Sept. 5 (UPI) -- The state of North Carolina will not change the boundaries of its congressional districts before the November midterms, because there isn't enough time to do so, a court has decided.
The court issued its decision Tuesday, ordering the state to keep its present mapping -- even though a judge ruled last week it's unconstitutionally gerrymandered to benefit Republicans.
"Imposing a new schedule for North Carolina's congressional elections would, at this late juncture, unduly interfere with the State's electoral machinery and likely confuse voters and depress turnout," the three-judge panel wrote in its ruling Tuesday.
The judges ruled last week the 2016 redistricting was done to "ensure Republican candidates would prevail in the vast majority of the State's congressional districts."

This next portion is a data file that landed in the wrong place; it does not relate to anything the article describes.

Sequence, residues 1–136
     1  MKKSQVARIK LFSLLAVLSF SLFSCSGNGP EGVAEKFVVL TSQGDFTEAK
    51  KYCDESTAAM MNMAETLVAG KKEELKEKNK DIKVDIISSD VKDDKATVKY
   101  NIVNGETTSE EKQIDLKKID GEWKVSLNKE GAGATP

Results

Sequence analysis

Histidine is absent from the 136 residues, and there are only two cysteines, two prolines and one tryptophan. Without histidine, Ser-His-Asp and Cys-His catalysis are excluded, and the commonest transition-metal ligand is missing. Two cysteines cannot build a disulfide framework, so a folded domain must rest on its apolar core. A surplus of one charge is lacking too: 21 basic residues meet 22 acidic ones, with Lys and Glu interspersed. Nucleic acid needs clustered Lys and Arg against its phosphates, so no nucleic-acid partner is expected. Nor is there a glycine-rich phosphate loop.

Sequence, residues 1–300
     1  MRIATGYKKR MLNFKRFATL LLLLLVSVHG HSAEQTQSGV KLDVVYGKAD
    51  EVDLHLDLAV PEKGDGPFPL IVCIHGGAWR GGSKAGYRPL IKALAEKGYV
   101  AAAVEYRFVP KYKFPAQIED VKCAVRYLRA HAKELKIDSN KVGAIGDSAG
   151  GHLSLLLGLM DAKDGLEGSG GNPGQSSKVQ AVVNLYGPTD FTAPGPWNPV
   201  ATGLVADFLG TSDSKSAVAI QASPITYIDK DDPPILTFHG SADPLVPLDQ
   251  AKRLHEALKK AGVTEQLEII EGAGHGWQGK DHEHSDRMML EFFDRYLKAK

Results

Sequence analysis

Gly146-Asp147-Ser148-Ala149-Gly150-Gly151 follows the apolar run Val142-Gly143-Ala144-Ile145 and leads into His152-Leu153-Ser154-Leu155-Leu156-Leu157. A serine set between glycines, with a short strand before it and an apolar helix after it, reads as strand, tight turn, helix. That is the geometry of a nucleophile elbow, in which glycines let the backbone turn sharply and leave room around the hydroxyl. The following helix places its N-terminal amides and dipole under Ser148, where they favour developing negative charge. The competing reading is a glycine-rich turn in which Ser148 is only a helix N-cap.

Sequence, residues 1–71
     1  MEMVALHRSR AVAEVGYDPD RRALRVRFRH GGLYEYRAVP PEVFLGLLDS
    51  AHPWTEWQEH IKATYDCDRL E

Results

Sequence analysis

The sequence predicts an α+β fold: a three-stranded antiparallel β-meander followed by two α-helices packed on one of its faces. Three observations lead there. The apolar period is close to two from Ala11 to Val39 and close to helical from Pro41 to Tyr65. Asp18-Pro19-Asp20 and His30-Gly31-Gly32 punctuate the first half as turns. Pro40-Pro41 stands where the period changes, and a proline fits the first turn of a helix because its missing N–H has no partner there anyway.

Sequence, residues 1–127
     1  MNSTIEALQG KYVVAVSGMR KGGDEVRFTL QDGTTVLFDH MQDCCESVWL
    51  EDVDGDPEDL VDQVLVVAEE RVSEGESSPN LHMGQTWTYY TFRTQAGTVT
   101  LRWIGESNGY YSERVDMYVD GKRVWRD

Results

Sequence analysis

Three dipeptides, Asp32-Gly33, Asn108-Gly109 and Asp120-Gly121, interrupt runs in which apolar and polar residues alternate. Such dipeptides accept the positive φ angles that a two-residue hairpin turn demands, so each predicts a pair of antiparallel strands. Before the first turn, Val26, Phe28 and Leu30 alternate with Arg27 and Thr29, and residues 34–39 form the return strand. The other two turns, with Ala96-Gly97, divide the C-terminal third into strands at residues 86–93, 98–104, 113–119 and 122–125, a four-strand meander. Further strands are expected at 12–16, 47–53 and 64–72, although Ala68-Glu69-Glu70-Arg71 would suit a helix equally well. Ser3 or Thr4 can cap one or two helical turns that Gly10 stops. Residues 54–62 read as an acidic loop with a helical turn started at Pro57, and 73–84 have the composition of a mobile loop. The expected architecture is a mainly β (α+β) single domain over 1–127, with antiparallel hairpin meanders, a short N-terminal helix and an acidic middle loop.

North Carolina has 13 seats in the U.S. House of Representatives. Of those, 10 belong to Republicans, and the court determined the maps were geared so the GOP could maintain those seats, a violation of the Fourteenth Amendment's Equal Protection Clause.
Despite the disparity in congressional seats, Democrats showed up in droves to support Hillary Clinton's 2016 presidential bid with 2.2 million votes, only 200,000 less than then-GOP nominee Donald Trump received.
While Democrats celebrated the court's decision last week, politicians wondered how they could redraw the maps, print new ballots and have candidates campaign in new districts just two months before election day on Nov. 6.
Phil Berger, the Republican leader of the North Carolina Senate, said the last remaining obstacle to printing the ballots has been removed.